Picture this: You’ve spent four months prepping for a 368-mile bike ride across Oregon. Your bike is dialed, you’ve trained on it for hundreds of miles, and then when you show up to the race your bike isn’t there.
But, let’s back up for a minute. Four days before the start of the Oregon Outback, I shipped my bike via Amtrak to Portland, Ore., from St. Paul, Minn. My bike was scheduled to arrive in 39 hours. I planned on getting to the Amtrak station in Portland with plenty of time to fill out paper work and get on another train, with my bike, bound for the start of the race in Klamath Falls.
Fast forward. Two friends from Minneapolis and I showed up at the Portland Amtrak station with our bike bags filled with gear two hours before the train boarded. We were set to go!
Except when the station attendant went back to find the bikes he only saw two. He told me the train my bike was on had derailed in Montana and that it would take at least another day for my bike to get to Portland.
I was heart broken. I started to cry. My friends reassured me that it would be alright. I immediately hopped on the phone calling everyone I could think of.
I reached out to a dozen of bike shops near the station, asking if they could help me out, but most only rented road bikes. One shop did have a mountain bike, but it would cost hundreds of dollars to rent it for the race.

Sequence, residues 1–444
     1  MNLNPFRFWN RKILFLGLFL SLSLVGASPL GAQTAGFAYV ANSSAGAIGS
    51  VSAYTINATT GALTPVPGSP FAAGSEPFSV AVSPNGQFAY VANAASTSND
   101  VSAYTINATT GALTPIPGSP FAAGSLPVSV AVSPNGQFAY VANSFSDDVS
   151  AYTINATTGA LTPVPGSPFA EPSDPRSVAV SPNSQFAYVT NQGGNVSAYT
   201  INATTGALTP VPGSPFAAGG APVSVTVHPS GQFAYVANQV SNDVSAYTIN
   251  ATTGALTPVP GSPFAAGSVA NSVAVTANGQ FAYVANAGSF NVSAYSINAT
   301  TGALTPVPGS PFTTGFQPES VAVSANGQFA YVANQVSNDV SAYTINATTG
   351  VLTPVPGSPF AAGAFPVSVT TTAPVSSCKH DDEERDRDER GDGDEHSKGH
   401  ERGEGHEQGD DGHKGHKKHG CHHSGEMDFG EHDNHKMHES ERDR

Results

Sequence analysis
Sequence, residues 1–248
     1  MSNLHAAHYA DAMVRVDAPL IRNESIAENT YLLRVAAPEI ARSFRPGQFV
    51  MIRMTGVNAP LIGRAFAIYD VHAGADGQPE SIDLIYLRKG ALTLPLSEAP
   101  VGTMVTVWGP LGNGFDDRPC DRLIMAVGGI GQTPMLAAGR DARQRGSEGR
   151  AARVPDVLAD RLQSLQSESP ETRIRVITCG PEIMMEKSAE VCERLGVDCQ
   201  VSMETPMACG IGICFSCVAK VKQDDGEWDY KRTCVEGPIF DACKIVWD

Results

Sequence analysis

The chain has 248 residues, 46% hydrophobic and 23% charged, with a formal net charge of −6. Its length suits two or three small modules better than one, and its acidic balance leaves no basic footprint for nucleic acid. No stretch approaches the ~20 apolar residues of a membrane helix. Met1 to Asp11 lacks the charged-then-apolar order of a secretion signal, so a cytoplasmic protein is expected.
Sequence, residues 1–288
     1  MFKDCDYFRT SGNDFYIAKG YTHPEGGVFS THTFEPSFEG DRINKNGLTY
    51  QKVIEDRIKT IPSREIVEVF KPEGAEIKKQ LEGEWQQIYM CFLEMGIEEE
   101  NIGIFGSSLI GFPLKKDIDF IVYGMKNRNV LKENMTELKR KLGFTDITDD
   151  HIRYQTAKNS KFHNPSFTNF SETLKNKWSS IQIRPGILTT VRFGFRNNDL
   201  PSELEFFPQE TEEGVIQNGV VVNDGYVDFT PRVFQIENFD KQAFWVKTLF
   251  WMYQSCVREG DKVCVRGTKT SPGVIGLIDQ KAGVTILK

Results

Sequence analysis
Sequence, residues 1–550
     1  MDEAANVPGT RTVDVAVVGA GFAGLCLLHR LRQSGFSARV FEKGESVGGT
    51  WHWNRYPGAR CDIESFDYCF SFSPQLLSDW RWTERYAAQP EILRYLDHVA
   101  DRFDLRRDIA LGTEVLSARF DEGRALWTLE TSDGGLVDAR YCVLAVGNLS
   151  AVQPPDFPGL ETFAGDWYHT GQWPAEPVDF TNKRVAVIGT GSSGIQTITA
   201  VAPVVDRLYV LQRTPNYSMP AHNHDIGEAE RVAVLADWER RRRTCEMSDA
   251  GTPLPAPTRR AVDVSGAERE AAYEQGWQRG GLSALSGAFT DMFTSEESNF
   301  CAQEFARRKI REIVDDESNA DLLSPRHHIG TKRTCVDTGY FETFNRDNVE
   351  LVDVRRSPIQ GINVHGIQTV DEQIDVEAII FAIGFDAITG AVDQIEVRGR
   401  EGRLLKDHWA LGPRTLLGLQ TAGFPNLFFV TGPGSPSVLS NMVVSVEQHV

After about 30 minutes of calling (and some more crying), I had almost given up. The train was boarding in a little over an hour.
I had stepped outside of the Amtrak station to get some fresh air when Jason Britton, another rider who I met the night before, motioned for me to come over. “What size frame are you?” he asked. I told him 16.5-inch and he gave me a thumbs-up. He was on the phone with a Portland shop, Sellwood Cycle.
When he got off the phone he told me that they had a bike they would let me borrow for the ride. I couldn’t believe it! He said to wait outside, that a bike messenger named “The Ringer” from Magpie Messengers would be there with the bike.
Sure enough, just 30 minutes before my train boarded, a red-haired messenger drove up with the bike. I don’t think I’ve ever given someone a bigger hug in my life!
The bike, a Kona Big Kahuna, was a perfect fit. I couldn’t have been happier to ride it while crushing dirt and gravel for 368 miles on the Oregon Outback.
Huge thanks to Jason Britton, Sellwood Cycle, and Magpie Messengers for helping me out! You turned a disaster into a great adventure that I’ll never forget.
—Amy Oberbroeckling is Assistant Editor at GearJunkie.com